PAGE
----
At least 15 Haitians dead after boat sinks off Turks and Caicos in shark-infested waters

The U.S. Coast Guard late Sunday suspended its search for Haitian migrants in the shark-infested waters off the Turks and Caicos Islands after reporting that 15 bodies had been recovered, and 14 survivors found. At least four bodies were still unaccounted for, the agency said in a tweet.

The Coast Guard had been providing assistance to the marine branch of the Royal Turks and Caicos Police, which spent the day scouring the turquoise waters for Haitian migrants. The search-and-rescue operation was launched sometime after 8 a.m. Sunday when police were alerted that a twin-engine outboard boat smuggling undocumented migrants from Haiti had capsized off West Caicos, an uninhabited island in the British overseas territory.

Prior to the Coast Guard’s announcement, Turks and Caicos police reported that they had rescued 14 individuals and recovered 14 bodies, which were found floating in the water head down. The search was suspended but would resume at daybreak on Monday, the police announced.

“Today we have utilized all of our marine components, with the support of other rescue services. The search and rescue operation is ongoing,” Acting Turks and Caicos Police Commissioner Trevor Botting said after four additional bodies and one other survivor were found shortly before 6 p.m. “We cannot tell when it will end as it will be determined by the number of recoveries we make over the next day or so.”

Botting said Sunday had been a difficult day.

“At this stage, it is unclear as to the total souls on board the vessel,” Botting said. “This is a tragic loss of life. We offer our condolences and sympathies to the families of those affected by this terrible incident. No journey is worth risking lives on the dangerous seas in these small vessels”.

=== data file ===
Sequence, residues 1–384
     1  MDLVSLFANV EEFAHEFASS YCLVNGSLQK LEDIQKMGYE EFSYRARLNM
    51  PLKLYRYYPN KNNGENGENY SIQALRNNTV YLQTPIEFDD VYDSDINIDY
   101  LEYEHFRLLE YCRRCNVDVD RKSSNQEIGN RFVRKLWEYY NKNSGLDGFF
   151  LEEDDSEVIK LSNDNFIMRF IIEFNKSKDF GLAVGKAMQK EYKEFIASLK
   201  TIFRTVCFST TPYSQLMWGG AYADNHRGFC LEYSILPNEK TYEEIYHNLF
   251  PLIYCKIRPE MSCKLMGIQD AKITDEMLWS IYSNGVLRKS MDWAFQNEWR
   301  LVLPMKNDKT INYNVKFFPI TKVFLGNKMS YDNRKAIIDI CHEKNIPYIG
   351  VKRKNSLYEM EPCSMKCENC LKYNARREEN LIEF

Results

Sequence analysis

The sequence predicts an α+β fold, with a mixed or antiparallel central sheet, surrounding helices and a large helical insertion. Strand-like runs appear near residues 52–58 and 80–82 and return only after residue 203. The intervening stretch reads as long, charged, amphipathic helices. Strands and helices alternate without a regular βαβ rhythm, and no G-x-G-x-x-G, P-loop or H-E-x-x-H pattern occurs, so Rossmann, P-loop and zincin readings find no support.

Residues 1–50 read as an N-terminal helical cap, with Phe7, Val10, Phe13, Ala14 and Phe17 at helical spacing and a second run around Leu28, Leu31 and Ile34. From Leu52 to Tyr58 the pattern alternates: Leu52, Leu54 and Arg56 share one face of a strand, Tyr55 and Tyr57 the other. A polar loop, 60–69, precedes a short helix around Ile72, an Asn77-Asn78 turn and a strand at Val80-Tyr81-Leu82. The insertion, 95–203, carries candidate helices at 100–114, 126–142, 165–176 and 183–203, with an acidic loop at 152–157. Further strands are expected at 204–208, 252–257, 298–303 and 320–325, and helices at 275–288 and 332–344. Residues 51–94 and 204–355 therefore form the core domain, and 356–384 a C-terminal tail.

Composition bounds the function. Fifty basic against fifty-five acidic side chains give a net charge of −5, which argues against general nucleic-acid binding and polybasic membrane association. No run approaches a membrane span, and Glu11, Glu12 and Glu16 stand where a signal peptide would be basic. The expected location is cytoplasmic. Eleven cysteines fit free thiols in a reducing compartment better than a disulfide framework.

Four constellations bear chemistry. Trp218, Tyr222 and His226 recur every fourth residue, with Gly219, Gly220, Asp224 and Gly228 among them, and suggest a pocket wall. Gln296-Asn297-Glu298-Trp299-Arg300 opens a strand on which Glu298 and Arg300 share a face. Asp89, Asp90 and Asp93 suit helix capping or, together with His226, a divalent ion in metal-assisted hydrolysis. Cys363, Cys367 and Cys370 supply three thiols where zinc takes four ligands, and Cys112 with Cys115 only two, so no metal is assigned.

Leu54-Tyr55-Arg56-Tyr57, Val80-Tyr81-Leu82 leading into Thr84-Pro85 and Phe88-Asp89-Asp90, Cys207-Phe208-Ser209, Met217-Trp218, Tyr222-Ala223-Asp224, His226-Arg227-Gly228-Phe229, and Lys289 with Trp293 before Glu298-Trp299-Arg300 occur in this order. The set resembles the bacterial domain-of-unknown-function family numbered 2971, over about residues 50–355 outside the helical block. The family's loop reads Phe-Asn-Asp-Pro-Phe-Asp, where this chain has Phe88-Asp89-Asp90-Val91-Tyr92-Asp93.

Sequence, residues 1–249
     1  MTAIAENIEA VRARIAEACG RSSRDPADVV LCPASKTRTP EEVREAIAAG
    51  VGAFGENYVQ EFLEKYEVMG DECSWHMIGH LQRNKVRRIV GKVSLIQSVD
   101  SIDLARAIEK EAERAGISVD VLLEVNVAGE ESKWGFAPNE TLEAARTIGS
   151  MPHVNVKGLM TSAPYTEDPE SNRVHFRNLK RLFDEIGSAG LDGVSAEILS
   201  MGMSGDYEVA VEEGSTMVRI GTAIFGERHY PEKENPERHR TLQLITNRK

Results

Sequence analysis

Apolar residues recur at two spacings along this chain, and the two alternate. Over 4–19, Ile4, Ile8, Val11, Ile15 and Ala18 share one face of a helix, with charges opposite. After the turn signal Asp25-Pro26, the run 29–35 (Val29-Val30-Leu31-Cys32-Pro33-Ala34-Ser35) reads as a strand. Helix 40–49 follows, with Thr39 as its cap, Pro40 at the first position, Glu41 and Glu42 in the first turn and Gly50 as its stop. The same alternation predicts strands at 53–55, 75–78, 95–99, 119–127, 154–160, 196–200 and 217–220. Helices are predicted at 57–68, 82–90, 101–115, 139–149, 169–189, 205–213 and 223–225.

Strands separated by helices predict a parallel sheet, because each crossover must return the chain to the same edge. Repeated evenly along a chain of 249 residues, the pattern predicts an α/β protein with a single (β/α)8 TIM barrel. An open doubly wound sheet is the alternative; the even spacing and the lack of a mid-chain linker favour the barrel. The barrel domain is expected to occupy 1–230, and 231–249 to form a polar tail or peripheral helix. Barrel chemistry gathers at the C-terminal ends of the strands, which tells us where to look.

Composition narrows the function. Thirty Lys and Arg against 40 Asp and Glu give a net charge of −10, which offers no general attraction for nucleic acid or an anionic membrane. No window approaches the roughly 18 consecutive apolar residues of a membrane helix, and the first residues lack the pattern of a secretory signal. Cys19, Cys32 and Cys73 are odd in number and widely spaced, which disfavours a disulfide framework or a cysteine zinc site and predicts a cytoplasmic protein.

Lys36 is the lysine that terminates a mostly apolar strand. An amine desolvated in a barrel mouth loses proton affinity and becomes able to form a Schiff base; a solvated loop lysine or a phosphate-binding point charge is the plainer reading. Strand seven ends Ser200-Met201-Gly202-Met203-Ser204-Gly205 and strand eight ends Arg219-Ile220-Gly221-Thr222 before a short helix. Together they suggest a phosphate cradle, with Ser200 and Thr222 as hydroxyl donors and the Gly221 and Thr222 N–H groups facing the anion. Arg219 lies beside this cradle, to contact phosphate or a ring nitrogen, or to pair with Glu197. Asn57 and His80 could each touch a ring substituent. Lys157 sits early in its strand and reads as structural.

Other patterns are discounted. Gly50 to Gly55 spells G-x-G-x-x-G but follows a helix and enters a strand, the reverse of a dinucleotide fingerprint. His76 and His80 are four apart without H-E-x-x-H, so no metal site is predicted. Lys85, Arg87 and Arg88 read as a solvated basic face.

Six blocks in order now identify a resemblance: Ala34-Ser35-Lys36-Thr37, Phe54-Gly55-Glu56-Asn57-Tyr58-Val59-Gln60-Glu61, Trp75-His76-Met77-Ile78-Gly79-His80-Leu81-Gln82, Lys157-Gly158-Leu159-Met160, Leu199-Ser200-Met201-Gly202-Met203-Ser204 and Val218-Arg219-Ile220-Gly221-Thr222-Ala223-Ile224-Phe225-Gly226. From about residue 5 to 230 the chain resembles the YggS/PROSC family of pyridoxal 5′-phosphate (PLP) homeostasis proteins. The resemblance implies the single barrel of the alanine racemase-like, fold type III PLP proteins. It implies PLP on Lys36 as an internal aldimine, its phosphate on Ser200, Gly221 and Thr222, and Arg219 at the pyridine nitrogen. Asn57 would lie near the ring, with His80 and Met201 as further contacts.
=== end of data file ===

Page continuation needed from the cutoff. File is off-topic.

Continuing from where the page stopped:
Botting said the incident is now under investigation to establish the circumstances of the vessel’s voyage and what happened to the craft.

In February, Bahamian authorities recovered the bodies of 28 Haitians after a boat smuggling them sank off the northern Bahamas. Some 17 individuals were rescued and taken into police custody. In response to that tragedy at sea, the U.S. Embassy in Port-au-Prince launched a public service announcement warning Haitians not to risk their lives at sea.

Haiti has been mired in a worsening economic situation, which has stirred political tensions in recent weeks. The country’s prime minister was recently fired by the lower chamber of Deputies, and inflation is at the highest it has been in 11 years.

Jacqueline Charles has reported on Haiti and the English-speaking Caribbean for the Miami Herald for over a decade. A Pulitzer Prize finalist for her coverage of the 2010 Haiti earthquake, she was awarded a 2018 Maria Moors Cabot Prize — the most prestigious award for coverage of the Americas.